Panorama [Moscow]. n.d. "Rossiiskii obshenacional'nyi soyuz. Lider - Igor' Artemov." www.panorama.ru:8105/works/vybory/spisok.html [Accessed 22 June 2000]

Prism [London]. 5 April 1996. Vasily Andreev. "The Seeds of Fascism in Russia." http://www.jamestown.org./pubs/view/pri_002_007_005.htm [Accessed 20 June 2000]

Russian and Euro-Asian Bulletin [Melbourne]. January-February 2000. Graeme Gill. "The Russian Duma Elections of 1999: The Main Game?" http://www.cerc.unimelb.edu.au/bulletin/00feb.htm [Accessed 22 June 2000]

Russian National Socialist Party. n.d. http://www.nationalism.org/rnsp/display_ENG.htm [Accessed 22 June 2000]

The Toronto Star. 1 September 1998. Olivia Ward. "Russian Jews Look to Future." (LEXIS)

Union of Councils for Soviet Jews (UCSJ)[Washington] . 12 May 2000. Andrey Kolesnikov. "Surge of Fascism and Antisemitism in Vladimir Oblast." http://www.fsumonitor.com [Accessed 20 June 2000]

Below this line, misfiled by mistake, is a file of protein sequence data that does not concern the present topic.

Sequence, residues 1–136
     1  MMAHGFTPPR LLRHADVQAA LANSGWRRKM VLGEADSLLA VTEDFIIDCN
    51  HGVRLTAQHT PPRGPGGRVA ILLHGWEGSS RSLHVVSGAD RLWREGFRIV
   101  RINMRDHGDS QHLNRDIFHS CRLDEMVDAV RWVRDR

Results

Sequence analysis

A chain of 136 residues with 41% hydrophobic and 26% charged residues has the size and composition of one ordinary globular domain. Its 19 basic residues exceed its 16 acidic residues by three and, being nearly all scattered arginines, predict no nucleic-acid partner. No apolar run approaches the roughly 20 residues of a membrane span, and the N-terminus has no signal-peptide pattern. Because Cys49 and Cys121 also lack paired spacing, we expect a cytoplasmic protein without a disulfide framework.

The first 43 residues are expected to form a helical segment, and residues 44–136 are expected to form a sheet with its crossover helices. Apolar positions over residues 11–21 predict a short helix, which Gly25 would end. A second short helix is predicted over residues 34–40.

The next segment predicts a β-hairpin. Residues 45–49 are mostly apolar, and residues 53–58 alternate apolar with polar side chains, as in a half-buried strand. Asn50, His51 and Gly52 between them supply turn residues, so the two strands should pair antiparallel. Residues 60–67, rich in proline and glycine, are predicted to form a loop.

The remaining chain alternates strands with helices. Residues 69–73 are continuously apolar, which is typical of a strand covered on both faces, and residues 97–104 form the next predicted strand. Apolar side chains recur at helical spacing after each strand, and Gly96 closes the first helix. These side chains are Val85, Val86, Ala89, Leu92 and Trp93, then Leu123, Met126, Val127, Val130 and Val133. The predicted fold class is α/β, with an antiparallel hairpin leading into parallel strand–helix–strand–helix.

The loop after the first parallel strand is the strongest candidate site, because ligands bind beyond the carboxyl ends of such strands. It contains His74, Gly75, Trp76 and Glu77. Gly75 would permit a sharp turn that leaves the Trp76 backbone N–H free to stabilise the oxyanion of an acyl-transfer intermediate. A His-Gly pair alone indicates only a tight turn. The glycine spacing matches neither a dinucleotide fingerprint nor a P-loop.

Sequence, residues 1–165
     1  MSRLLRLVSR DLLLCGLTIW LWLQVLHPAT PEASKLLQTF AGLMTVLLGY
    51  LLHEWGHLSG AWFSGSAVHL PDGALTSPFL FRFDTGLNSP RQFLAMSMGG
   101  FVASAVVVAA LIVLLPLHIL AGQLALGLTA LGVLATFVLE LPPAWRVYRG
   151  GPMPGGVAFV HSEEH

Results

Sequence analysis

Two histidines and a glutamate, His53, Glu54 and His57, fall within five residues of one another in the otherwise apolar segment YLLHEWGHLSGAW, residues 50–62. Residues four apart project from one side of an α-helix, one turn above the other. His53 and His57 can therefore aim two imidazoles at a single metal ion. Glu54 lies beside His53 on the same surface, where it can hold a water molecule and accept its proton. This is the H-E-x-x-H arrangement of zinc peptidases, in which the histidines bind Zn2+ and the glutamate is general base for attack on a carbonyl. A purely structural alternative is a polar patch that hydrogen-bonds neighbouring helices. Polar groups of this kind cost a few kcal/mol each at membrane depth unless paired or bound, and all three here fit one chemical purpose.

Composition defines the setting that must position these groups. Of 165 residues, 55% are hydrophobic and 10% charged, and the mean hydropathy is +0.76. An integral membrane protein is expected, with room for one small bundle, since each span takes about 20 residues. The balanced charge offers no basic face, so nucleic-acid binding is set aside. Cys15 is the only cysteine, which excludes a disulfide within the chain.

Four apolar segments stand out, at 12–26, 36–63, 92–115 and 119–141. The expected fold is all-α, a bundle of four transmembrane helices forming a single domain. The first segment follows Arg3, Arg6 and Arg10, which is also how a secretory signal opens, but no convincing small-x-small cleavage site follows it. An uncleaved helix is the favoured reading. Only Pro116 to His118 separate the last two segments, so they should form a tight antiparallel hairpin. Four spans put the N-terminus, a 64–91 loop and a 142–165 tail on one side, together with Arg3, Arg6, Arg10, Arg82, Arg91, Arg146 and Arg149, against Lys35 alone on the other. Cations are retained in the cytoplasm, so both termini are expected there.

_____. 7 December 1999. Victor Zolotarevich. "Inciting Antisemitism. Legalizing or Combating It." http://www.fsumonitor.com [Accessed 20 June 2000]

Additional Sources Consulted


IRB Databases

LEXIS/NEXIS

Moskovskii Antifashistskii Tsentr. Informatsionno-ekspertnaya gruppa "Panorama" [Moscow]. 1996. Natsional-patrioticheskie Organizatsii v Rossii. Moscow: Institut eksperimentalnoi sotsiologii.

Union of Councils for Soviet Jews (UCSJ). December 1999. Antisemitism, Xenophobia and Religious Persecution in Russia's Regions 1998-1999. Washington: Union of Councils for Soviet Jews.

One oral source did not reply within the time constraints.

Internet sites including:

Elections around the world

Keesing's

Radio Free Europe/Radio Liberty (RFE/RL)

Transitions

World News Connection (WNC)

Search engine including:

Fast Search

Google

Metacrawler

Rambler (in Russian)